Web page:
The National Guard has been put on standby to assist the Milwaukee Police Department — if needed — after protests last night turned violent in the city’s Sherman Park neighborhood, said Mayor Tom Barrett during a news conference this afternoon.
Barrett said Gov. Scott Walker decided to call for federal assistance after consulting with him by telephone; but the decision on whether to deploy the National Guard would be made by MPD Chief Edward Flynn, who is monitoring the situation.
Barrett said he’d never seen anything in Milwaukee like the melee that broke out yesterday near North 35th Street and West Burleigh, where several businesses — including a BMO Harris Bank branch, a beauty supply company and O’Reilly Auto Parts stores — were set on fire.
“Last night was unlike anything I have ever seen in my adult life in this city. I hope I never see it again,” said the mayor, who was visibly shaken.
The riotous situation was sparked by the fatal police shooting of a man yesterday. He was running from police after his car was stopped due to what MPD called “suspicious” behavior.
As many as 800 protesters clashed with police officers for several hours last night before police were able to bring the situation under control. Four officers were injured during the standoff with the crowd, and some media outlets reported that shots were fired by protesters at the police. Barrett and other officials said the riot was fueled by calls for action on social media.
Milwaukee has avoided eruptions of violence following police shootings of unarmed black men in the city and elsewhere over the past two years. City officials expressed disappointment about yesterday’s tragic events.
According to some officials, recent years have seen progress in the predominantly black Sherman Park area. Several dozen volunteers associated with the Coalition for Justice assisted the city this morning with cleaning up the rubble left from last night’s riots, according to The Associated Press
At this afternoon’s news conference, Flynn identified the man killed as 23-year-old Sylville K. Smith, who has a “lengthy arrest record,” according to police. Barrett said that a still image pulled from a video of the shooting recorded by body camera shows “without question” that Smith had a gun in his hand when he was shot. Barrett said the video is part of a vigorous state investigation of the shooting.
Wisconsin Attorney General Brad Schimel promised today that the state’s Department of Justice would quickly to come to a conclusion about whether there’s any criminal culpability in Smith’s death. Unlike similar high-profile shootings, in this case both Smith and the officer who shot him are African American.
Police said the semi-automatic gun that Smith was carrying was stolen in Waukesha.
It remains unclear whether Smith was threatening police or just seeking to elude them at the time he was shot. Barrett said a thorough examination of the footage taken from the officer’s body camera is underway to assess exactly how the killing unfolded.
Both the victim and the officer who shot him are black.
U.S. Rep. Gwen Moore was among the leaders who’ve called for peace tonight on Milwaukee’s streets.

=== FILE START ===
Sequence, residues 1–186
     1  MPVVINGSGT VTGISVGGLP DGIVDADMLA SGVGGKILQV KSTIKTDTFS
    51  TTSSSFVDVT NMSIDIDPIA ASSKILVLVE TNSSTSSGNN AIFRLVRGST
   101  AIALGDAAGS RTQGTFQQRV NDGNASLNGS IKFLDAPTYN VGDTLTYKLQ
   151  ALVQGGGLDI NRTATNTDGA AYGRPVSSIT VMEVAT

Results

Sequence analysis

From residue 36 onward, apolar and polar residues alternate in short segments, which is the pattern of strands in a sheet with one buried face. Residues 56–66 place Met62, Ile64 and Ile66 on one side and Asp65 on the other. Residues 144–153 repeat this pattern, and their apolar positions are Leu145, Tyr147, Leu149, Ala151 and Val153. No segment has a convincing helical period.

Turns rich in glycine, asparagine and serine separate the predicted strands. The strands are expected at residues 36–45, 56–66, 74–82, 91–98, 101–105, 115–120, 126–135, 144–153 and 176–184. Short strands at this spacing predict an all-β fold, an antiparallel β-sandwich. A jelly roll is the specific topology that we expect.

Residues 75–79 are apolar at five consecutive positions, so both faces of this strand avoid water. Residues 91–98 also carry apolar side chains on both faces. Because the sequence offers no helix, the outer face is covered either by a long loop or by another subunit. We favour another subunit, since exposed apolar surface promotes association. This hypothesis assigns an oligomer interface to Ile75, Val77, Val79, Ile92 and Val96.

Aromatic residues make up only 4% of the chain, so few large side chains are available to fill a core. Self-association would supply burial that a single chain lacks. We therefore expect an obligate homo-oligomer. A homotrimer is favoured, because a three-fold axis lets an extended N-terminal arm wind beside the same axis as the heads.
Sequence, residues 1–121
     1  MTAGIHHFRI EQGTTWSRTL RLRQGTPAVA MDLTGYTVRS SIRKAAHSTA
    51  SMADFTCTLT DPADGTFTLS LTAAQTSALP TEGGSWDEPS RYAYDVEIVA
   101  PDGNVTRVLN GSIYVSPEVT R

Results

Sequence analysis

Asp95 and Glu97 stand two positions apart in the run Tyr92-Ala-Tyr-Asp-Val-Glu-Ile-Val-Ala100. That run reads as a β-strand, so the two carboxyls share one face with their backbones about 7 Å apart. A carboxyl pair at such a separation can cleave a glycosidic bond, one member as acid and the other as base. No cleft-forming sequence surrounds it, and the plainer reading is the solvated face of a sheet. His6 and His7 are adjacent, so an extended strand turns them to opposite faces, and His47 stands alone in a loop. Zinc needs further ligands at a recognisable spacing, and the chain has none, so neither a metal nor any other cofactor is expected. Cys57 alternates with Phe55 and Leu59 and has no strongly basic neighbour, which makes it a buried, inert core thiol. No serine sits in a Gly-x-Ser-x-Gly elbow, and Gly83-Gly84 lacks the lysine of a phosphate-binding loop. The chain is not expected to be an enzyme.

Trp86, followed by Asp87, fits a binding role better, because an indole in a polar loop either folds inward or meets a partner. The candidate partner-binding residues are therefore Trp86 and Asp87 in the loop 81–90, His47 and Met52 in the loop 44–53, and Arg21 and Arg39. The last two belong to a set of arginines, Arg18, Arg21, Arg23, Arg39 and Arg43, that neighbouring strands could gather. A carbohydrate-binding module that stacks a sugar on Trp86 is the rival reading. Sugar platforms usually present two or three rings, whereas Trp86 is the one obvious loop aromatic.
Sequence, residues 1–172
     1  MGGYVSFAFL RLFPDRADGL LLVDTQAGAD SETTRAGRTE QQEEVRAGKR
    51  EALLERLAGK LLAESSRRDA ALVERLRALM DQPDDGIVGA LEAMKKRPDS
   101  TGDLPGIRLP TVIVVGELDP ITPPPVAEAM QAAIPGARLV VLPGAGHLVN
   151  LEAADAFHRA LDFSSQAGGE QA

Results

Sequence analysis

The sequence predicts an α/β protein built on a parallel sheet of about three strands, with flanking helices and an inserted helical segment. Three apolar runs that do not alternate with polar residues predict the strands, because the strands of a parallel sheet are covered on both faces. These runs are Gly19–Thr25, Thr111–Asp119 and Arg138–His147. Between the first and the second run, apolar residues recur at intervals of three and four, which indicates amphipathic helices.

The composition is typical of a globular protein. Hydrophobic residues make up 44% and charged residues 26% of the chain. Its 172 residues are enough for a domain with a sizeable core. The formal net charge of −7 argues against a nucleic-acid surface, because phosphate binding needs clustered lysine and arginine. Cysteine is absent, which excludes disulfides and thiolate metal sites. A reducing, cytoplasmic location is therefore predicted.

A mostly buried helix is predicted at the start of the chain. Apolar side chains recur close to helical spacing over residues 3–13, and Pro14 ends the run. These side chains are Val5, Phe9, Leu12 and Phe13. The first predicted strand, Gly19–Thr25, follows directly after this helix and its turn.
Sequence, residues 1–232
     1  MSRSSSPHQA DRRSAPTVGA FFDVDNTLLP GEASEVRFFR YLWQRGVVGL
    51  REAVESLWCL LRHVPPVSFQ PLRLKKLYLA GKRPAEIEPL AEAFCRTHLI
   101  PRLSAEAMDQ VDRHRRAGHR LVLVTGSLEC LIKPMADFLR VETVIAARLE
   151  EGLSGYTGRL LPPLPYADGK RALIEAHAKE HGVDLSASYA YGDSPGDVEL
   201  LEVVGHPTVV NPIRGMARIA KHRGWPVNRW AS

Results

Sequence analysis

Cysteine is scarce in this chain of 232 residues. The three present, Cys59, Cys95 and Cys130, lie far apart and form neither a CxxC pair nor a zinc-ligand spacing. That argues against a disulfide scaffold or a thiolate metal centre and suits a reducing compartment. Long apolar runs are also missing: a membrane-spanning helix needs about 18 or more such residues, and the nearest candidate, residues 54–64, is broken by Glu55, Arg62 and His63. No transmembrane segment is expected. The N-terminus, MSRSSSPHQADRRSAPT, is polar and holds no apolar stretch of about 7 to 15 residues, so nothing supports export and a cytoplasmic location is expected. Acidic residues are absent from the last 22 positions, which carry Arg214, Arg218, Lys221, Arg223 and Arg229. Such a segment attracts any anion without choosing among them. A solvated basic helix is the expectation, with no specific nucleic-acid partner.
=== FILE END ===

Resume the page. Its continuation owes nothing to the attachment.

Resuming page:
“As details continue to emerge about this shooting, I ask our community to remain calm and recommit to doing everything in our collective power to live up to our nation’s promise of ‘justice for all.’ Together, Milwaukee will weather this storm,” Moore said in a press statement.
“I share the frustration of my constituents who feel they live in a city where justice is only afforded to some and not all. I also share the frustration of our local police officers who are desperately trying to uphold public safety in what they perceive as a caustic climate. We must find a way to strike a balance where we can peacefully point out the racial inequities in our society while recognizing the valuable role police play in our community.
Moore and others called on leaders to address the social issues beneath incidents such as Saturday’s.
“We simply cannot close our eyes to the hostile environment cultivated by the flagrant racial inequality and segregation that has plagued Milwaukee for generations,” Moore said.
Many people — public officials, religious leaders and ordinary citizens — weighed in about yesterday’s shooting on social media.
Milwaukee Ald. Khalif Rainey posted a statement last night that was shared by many on Facebook today.
“The city has watched this particular neighborhood (Sherman Park), throughout the entire summer, be a powder keg. From incidents in the park, to shootings, this entire community has witnessed how Milwaukee, Wisconsin, has become the worst place to live for African Americans in the entire country. Now this is the warning cry,” Rainey wrote.
“Where do we go as a community from here? Do we continue with the inequity, the injustice, the unemployment, the under-education that creates these byproducts that we see this evening? Do we continue that?
“Something has to be done here in Milwaukee, Wisconsin, to address these issues. The black people of Milwaukee are tired of living under oppression. This is their existence. This is their life, and the lives of their children.
What happened tonight was not right, I am not justifying that. But no one can deny the fact that there are racial problems here that have to be rectified.”